Periodic Reporting for period 2 - EU-LAC-MUSEUMS (Museums and Community: Concepts, Experiences, and Sustainability in Europe, Latin America and the Caribbean)
Reporting period: 2017-09-01 to 2019-02-28
The aim of our research is to provide a better understanding of the cultural, scientific and social dimension of the relationship between the EU and LAC, thus supporting the process of EU-CELAC cooperation outlined by the EU-CELAC Action Plan in defining a common vision for the years to come.
The project is Coordinated by the University of St Andrews in Scotland [https://mgci.wp.st-andrews.ac.uk/].
EU-LAC-MUSEUMS seeks to carry out a comparative analysis of small to medium-sized rural museums and their communities in the EU and LAC regions, and to develop associated history and theory. The basis of the project is that community museums in Latin American and Caribbean countries in particular allow under-represented communities to stake a place in history, as well as contributing to environmental sustainability and community empowerment. Over 48 months, researchers are investigating how these institutions can inform museum practice, particularly for remote and island locations. Museums involved include Ceumannan - Skye Ecomuseum in Scotland, and the Rey Curré Museo Comunitario in Costa Rica, run by the native Boruca people. Both are open-air museums encouraging visitors to explore the natural landscape and traditional structures. Here, young people have been working together to carry out oral history projects with community elders, and debate the theme of societal change.
Museums hold an unequalled responsibility to communicate the shared history and “cultural, political and economic ties” between Europe, Latin America and the Caribbean. Museums have enormous capacity to reach all levels of community, from towns to remote villages, and can be neutral spaces for building social cohesion and reconciliation in a variety of contexts. By focusing on the theme of Museums and Community: Concepts, Experiences, and Sustainability in Europe, Latin America and the Caribbean, EU-LAC-MUSEUMS is creating a common vision for sustainable, small to medium-sized local and regional museums and their communities, and reinforcing mutual understanding and cooperation between regions.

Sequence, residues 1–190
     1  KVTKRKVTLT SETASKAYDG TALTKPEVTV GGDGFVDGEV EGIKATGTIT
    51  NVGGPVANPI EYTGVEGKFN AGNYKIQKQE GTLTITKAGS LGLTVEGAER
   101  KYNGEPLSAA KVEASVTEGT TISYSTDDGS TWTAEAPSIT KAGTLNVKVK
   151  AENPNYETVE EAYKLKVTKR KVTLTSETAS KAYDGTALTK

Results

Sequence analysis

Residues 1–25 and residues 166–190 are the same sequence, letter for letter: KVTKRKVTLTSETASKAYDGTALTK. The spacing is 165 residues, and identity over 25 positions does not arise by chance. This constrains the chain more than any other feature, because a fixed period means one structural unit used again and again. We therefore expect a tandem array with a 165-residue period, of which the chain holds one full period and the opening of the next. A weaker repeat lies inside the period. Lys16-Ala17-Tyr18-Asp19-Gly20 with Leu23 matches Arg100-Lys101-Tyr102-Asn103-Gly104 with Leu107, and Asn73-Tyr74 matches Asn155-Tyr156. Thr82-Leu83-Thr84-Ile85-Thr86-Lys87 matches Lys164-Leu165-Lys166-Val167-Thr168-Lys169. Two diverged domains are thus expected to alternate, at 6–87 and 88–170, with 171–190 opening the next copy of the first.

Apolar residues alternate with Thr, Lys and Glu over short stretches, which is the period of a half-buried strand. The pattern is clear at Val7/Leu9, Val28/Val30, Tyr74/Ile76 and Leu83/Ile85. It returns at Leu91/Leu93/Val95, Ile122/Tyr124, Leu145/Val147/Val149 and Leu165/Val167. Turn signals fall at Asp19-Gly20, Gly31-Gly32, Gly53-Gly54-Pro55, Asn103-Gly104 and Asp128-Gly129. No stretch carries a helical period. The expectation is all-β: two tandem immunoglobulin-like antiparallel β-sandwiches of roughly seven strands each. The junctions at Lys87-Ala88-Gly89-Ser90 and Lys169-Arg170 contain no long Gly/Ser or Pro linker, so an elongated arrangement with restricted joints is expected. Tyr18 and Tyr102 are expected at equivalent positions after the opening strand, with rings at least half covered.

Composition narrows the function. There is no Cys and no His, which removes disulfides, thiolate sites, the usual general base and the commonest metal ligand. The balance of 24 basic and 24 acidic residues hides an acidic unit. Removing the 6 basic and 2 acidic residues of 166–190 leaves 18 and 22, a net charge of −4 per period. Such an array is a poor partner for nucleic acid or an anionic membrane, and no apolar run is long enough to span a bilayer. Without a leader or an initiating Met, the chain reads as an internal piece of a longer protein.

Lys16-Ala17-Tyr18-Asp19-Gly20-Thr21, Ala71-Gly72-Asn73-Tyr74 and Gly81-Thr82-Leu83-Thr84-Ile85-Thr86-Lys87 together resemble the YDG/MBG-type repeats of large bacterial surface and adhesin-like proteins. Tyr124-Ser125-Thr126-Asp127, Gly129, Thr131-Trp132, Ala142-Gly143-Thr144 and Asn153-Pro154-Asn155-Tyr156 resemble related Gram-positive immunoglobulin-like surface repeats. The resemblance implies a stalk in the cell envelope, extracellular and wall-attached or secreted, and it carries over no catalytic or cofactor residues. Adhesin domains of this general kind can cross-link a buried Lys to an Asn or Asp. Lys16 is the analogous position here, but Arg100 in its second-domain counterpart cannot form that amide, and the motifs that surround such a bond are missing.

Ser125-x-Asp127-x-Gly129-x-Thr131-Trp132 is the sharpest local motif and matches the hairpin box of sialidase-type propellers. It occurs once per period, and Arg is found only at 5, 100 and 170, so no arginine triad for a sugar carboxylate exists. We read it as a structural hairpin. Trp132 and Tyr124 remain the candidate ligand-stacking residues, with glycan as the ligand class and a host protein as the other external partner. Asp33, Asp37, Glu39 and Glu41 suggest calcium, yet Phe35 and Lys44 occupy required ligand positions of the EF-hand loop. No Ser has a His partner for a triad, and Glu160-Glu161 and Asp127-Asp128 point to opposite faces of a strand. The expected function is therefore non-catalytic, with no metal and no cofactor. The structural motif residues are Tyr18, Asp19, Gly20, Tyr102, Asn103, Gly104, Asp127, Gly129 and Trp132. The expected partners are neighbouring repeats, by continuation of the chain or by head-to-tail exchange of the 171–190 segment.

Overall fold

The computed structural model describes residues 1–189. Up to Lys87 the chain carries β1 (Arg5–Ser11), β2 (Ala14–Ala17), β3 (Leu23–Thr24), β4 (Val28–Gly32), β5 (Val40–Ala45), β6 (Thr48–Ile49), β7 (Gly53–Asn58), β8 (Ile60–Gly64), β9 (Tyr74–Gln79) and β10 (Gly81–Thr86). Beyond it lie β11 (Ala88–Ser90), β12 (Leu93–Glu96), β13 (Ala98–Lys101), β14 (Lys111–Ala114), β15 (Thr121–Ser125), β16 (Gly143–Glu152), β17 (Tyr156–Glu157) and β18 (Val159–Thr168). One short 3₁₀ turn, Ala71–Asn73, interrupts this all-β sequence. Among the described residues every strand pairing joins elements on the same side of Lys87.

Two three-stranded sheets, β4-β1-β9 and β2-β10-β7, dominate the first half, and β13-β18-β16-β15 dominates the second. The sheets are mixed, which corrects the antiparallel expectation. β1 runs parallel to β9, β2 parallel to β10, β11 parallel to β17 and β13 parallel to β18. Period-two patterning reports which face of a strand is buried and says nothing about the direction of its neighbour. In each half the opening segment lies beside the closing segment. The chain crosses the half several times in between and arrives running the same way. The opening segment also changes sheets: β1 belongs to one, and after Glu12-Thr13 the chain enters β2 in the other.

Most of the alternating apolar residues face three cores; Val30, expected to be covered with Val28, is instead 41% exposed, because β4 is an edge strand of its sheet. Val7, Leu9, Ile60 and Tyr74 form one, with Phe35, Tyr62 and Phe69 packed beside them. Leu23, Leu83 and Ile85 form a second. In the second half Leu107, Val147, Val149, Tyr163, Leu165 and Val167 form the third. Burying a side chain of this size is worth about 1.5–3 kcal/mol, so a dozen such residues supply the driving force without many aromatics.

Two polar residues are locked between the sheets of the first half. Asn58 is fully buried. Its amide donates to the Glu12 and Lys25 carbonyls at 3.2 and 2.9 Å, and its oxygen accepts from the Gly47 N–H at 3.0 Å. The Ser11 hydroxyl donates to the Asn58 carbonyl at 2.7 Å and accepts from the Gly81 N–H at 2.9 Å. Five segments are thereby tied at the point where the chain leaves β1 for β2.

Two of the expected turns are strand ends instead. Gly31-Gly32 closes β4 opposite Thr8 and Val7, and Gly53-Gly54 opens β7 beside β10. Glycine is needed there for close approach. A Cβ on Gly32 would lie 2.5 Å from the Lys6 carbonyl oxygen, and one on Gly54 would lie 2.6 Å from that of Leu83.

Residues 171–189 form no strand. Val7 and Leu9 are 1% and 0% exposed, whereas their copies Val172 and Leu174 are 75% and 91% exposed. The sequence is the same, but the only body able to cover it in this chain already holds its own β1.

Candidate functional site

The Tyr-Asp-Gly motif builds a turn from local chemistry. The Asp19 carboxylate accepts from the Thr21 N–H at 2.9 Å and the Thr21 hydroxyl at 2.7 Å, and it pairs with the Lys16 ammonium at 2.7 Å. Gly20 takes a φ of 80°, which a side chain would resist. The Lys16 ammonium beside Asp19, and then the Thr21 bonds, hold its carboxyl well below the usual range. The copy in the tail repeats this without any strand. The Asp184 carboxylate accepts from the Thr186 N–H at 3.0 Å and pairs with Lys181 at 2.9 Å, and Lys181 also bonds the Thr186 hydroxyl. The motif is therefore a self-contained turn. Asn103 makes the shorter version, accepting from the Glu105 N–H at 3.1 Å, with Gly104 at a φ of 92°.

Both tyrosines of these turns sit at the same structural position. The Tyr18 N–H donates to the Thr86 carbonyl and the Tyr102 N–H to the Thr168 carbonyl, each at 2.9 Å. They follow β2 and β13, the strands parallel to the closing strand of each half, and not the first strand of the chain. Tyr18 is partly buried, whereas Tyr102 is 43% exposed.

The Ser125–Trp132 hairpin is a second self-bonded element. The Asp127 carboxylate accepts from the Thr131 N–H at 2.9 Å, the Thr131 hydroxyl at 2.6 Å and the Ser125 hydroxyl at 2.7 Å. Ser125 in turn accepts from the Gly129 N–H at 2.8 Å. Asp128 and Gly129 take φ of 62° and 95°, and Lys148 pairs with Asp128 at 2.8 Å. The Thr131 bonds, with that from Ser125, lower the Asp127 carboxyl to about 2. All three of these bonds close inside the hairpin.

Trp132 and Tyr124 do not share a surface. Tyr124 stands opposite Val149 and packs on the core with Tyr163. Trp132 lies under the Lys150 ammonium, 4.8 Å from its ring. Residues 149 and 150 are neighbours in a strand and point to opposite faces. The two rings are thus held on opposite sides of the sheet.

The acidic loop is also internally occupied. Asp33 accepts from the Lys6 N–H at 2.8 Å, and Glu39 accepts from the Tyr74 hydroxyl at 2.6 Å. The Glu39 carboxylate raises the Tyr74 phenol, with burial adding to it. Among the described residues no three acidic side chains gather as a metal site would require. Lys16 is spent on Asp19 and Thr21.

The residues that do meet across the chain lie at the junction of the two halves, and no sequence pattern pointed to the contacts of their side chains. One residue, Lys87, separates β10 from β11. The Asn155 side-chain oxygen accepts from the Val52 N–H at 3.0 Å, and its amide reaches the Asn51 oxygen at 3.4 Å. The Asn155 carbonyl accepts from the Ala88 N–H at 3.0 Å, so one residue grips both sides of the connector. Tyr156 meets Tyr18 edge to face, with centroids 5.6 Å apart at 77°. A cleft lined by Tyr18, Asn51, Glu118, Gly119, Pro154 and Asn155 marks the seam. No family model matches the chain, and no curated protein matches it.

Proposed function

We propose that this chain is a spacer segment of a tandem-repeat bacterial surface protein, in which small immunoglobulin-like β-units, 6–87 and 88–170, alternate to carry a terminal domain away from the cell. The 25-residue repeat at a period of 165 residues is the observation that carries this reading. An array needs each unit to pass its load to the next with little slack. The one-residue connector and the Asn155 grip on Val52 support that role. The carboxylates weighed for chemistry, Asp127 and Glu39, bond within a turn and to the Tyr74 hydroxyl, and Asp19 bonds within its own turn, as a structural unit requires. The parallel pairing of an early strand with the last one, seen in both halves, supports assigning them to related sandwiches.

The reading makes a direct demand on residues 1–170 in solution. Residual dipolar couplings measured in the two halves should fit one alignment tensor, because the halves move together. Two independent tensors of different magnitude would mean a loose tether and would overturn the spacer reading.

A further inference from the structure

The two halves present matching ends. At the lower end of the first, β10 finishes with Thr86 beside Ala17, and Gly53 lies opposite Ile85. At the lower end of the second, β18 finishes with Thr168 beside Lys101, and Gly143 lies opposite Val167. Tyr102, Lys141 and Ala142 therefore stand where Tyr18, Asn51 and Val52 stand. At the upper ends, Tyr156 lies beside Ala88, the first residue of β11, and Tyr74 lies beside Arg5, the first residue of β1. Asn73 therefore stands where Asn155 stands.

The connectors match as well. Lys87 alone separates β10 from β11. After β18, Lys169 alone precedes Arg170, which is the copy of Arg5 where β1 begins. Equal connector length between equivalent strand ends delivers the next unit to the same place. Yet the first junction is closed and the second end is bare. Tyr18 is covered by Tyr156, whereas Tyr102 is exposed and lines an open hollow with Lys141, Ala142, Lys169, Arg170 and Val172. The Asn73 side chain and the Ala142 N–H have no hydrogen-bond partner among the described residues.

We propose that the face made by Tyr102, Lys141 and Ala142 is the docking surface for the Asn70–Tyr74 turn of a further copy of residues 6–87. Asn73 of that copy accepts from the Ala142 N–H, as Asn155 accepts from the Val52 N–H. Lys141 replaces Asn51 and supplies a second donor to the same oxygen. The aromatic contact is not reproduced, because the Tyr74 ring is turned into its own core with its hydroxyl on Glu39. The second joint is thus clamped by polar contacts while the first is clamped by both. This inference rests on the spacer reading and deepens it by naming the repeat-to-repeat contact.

The overall objectives are to:
1: Increase the knowledge area of EU-CELAC relations in the museum world by researching the concepts and experiences of sustainability in museums and communities in the two regions, with a special focus on heritage technologies and histories of migration as they relate to these communities.
2: Enhance sustainable development and social inclusiveness in the museum sector in remote rural and island locations through dialogue between academics, policy makers, museums, and local communities.
3: Create a common and sustainable vision for community museums ratified by ICOM, and in line with EU-CELAC and JIRI actions.
4: Make available and to celebrate knowledge generated by the project to all potential users, museum professionals, and decision makers through an ambitious web portal and an extensive dissemination programme.
5: Ensure rigorous evaluation of project methods and outcomes for future EU-LAC platforms, and to build long-term sustainable relationships between institutions in EU and LAC, and especially within our partner countries.
Our bespoke project website and database (http://www.eulacmuseums.net) harvests information about community museums and related Intangible Cultural Heritage in each partner country and beyond in EU and LAC.
Major results include Chile's report on the ubiquitous “Round Table of Santiago de Chile” (1972), measuring its relevance today and specifically in relation to the Region of Los Rios. Having developed their work plan, Peru, following devastating floods in the remote parts in which they are working, recovered to work closely with a diagnosis for Trujillo and Lambayeque to develop two models of intervention. Similarly in Spain, the ETEPA team researched the design of a comprehensive Strategic Plan relating to landscape, cultural heritage, tourism and territorial development in La Huerta de València. Bi-regional 3D workshops have toured the entire consortium, facilitating workshops in community museums and digitising “community icons”. The consortium continues to consolidate as a bi-regional team. St Andrews held the project second General Assembly and an international conference on Defining the Museum of the 21st Century in collaboration with ICOM ICOFOM. They have worked closely with Chile to engage students and school pupils with Latin American museum objects. Collaboration between Peru, Chile and Spain has also facilitated sharing research approaches and methodologies concerning entrepreneurship and innovation for heritage territories. Meanwhile, the UWI has forged ahead on research into migration and gender, producing a traveling exhibition on Windrush, and collaborating with St Andrews on a Virtual Museum of Caribbean Migration, and a new exhibition of contemporary Caribbean art, Arrivants.